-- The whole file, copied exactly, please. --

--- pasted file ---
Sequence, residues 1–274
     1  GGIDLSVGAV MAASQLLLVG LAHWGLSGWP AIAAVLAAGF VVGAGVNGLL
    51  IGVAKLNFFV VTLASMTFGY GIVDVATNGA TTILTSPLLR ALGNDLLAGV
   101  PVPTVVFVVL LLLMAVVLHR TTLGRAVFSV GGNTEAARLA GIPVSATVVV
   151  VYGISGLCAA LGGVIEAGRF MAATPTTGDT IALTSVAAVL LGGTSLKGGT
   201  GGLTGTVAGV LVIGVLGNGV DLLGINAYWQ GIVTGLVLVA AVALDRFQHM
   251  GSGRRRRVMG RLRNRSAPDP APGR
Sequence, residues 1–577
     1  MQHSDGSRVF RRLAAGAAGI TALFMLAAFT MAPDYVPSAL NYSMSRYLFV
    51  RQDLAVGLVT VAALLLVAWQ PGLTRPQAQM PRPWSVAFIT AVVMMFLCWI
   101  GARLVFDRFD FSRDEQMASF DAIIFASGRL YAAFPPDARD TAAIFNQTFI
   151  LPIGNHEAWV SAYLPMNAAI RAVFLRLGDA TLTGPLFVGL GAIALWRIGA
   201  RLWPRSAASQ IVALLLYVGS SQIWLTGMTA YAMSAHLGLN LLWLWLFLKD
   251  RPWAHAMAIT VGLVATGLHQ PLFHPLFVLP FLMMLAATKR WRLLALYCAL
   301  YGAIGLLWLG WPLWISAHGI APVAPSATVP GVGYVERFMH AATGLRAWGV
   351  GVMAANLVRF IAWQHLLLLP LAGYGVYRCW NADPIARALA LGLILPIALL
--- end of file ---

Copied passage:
Sequence, residues 1–274
     1  GGIDLSVGAV MAASQLLLVG LAHWGLSGWP AIAAVLAAGF VVGAGVNGLL
    51  IGVAKLNFFV VTLASMTFGY GIVDVATNGA TTILTSPLLR ALGNDLLAGV
   101  PVPTVVFVVL LLLMAVVLHR TTLGRAVFSV GGNTEAARLA GIPVSATVVV
   151  VYGISGLCAA LGGVIEAGRF MAATPTTGDT IALTSVAAVL LGGTSLKGGT
   201  GGLTGTVAGV LVIGVLGNGV DLLGINAYWQ GIVTGLVLVA AVALDRFQHM
   251  GSGRRRRVMG RLRNRSAPDP APGR
Sequence, residues 1–577
     1  MQHSDGSRVF RRLAAGAAGI TALFMLAAFT MAPDYVPSAL NYSMSRYLFV
    51  RQDLAVGLVT VAALLLVAWQ PGLTRPQAQM PRPWSVAFIT AVVMMFLCWI
   101  GARLVFDRFD FSRDEQMASF DAIIFASGRL YAAFPPDARD TAAIFNQTFI
   151  LPIGNHEAWV SAYLPMNAAI RAVFLRLGDA TLTGPLFVGL GAIALWRIGA
   201  RLWPRSAASQ IVALLLYVGS SQIWLTGMTA YAMSAHLGLN LLWLWLFLKD
   251  RPWAHAMAIT VGLVATGLHQ PLFHPLFVLP FLMMLAATKR WRLLALYCAL
   301  YGAIGLLWLG WPLWISAHGI APVAPSATVP GVGYVERFMH AATGLRAWGV
   351  GVMAANLVRF IAWQHLLLLP LAGYGVYRCW NADPIARALA LGLILPIALL